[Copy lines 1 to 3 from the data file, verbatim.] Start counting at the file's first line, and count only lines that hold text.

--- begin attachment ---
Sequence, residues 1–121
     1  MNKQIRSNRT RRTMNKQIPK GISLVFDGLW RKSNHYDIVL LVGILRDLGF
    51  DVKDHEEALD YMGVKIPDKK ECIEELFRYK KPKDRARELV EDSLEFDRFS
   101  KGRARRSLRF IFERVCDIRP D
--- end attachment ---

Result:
Sequence, residues 1–121
     1  MNKQIRSNRT RRTMNKQIPK GISLVFDGLW RKSNHYDIVL LVGILRDLGF
    51  DVKDHEEALD YMGVKIPDKK ECIEELFRYK KPKDRARELV EDSLEFDRFS